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Whither BitTorrent? The company is picking itself up and putting itself back together after recent exec departures and layoffs. And it has finally shed its consumer business, the download store that had helped kicked off Hollywood’s last few years of digital dealmaking, but never did much after that.
We just got off the phone with BitTorrent VP of Marketing Simon Morris, who filled us in on the company’s changing strategy, as well as the recent hubbub about it moving away from a TCP-based P2P protocol to one that would interfere with VoIP and other activity. Morris said that following the company’s multiple rounds of layoffs, BitTorrent is now “in safe shape” to move forward. A lightly edited transcript follows.
NewTeeVee: So, I saw that the Torrent Entertainment Network is no longer up. When did that shut down?
Simon Morris: I think it was Nov. 17, a little over two weeks ago.
NewTeeVee: Was that due to lack of use?
Morris: It was due to two things. We found it very hard to make it a profitable business endeavor. If you look at the things we’re trying to do as we shrink down the company due to the economic environment, we’re experts in content delivery over the internet. With the Torrent Entertainment Network we were stepping into a new domain of merchandising of consumer entertainment products. In many ways, the retrenchment of the company has been really focusing on what we’re good at.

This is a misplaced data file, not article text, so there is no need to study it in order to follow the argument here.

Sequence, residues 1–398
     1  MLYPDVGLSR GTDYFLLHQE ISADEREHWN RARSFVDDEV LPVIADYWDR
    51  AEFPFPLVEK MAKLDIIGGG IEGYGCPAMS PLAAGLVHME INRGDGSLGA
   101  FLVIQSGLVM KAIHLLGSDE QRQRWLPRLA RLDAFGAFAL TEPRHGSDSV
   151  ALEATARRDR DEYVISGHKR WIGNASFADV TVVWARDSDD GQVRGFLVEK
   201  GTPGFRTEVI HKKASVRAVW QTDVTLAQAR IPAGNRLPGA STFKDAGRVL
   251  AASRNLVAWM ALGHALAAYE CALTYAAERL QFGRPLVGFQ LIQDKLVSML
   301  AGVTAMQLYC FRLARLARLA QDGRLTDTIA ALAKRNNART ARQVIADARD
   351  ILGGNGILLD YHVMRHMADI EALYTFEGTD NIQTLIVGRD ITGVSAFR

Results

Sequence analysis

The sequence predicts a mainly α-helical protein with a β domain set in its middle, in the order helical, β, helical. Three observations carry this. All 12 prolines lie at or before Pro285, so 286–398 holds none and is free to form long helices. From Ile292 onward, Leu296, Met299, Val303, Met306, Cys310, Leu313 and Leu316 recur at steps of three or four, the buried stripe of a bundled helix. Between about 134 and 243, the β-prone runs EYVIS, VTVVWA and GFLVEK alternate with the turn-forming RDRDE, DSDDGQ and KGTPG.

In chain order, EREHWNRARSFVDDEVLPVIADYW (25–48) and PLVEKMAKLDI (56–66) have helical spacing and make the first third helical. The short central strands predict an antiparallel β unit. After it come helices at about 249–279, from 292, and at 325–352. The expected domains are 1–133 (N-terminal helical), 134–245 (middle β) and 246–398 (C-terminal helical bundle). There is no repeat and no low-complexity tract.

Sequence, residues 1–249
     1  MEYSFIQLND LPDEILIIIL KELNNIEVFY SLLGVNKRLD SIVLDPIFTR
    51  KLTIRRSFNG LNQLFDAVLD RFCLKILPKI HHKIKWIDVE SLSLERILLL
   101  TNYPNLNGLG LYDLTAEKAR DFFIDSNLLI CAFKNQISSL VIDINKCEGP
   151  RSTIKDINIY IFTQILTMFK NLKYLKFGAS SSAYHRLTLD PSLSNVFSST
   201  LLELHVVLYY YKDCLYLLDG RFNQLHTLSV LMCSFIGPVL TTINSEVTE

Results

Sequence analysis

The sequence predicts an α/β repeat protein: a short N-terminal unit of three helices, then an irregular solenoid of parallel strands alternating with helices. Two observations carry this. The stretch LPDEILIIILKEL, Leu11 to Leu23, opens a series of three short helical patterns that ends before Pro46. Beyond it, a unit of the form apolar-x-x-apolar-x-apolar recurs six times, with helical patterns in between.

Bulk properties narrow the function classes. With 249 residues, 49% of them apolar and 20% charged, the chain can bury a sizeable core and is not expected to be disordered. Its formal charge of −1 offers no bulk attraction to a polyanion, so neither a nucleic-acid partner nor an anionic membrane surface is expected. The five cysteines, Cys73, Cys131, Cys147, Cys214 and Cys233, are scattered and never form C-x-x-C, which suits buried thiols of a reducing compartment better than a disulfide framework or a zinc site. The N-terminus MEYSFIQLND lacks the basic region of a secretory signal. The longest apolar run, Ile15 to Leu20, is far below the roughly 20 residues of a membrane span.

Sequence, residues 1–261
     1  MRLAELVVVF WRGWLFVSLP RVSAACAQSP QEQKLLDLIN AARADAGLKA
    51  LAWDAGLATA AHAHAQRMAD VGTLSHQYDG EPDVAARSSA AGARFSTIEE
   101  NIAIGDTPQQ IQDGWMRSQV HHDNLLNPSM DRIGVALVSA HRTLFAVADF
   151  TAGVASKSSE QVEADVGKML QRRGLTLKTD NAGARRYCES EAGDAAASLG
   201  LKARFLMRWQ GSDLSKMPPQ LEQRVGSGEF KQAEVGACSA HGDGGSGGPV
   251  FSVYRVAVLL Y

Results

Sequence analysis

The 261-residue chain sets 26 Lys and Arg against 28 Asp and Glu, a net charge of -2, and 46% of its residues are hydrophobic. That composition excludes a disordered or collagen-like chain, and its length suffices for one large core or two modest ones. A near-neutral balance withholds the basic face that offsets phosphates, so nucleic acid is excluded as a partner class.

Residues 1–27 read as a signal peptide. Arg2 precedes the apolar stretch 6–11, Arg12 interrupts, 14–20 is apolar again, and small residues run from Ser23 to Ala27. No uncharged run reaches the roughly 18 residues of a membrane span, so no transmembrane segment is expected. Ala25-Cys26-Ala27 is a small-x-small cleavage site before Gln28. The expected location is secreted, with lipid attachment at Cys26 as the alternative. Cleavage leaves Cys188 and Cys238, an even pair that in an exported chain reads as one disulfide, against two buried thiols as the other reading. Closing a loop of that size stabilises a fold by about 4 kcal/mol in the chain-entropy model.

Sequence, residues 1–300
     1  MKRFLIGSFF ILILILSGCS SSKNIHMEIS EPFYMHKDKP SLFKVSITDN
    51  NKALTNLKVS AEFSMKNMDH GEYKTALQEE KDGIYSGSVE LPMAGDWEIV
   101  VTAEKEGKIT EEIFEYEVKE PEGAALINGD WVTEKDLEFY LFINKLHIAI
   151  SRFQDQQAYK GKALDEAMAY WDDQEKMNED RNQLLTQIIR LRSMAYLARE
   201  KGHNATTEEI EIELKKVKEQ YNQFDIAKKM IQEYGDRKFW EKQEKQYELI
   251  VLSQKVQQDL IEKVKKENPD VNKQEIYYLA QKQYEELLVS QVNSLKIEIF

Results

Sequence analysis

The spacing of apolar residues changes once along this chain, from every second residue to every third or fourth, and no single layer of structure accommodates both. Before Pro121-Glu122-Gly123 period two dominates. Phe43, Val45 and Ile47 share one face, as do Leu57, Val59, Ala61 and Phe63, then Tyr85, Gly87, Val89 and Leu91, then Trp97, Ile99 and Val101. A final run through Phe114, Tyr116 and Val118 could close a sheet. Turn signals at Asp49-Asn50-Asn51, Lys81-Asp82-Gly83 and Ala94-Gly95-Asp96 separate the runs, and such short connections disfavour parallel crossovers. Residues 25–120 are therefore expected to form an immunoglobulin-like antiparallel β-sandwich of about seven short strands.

NewTeeVee: Can you give specific numbers on how many users or downloads you had?
Morris: No. It wasn’t sufficiently successful for us. We investigated all sorts of different approaches: try before you buy, download to own, download to rent, ad-supported streaming. Ultimately, I wouldn’t say us retrenching away from it is any indication it can’t be done, it’s just pure resources.
NewTeeVee: It seems from your shutdown FAQ that you’re doing a good job of taking care of obligations to former customers.
Morris: We have DRM servers; we’ll just leave them up. It seems from a PR point of view far more sensible to leave those things in place.
NewTeeVee: So, what’s happening with your remaining businesses? How is the P2P CDN business going?
Morris: We’re focusing both on our consumer BitTorrent client but also on our DNA content delivery service. The client is more popular than ever. Though I don’t know if you saw the article in The Register this week? We’re now talking to the guy about writing a followup. You will find his opinion may have changed.
NewTeeVee: That was about moving to the UTP protocol?
Morris: It was about moving from TCP to UTP. The tone of the article and the hysteria surrounding it was about creating a greedy protocol to bring the Internet to its knees, and in fact it’s the opposite, we’re working on a more polite, gentler protocol. We’ve briefed the ISPs, including Comcast, and we’re ultimately not trying to do something that would damage ourselves.
NewTeeVee: And as for the DNA product?
Morris: The DNA client also has the benefit of this polite protocol, which has actually already been implemented in the DNA client. The new protocol is UTP, based on UDP, but with a very important layer built on top that gives it particular congestion control.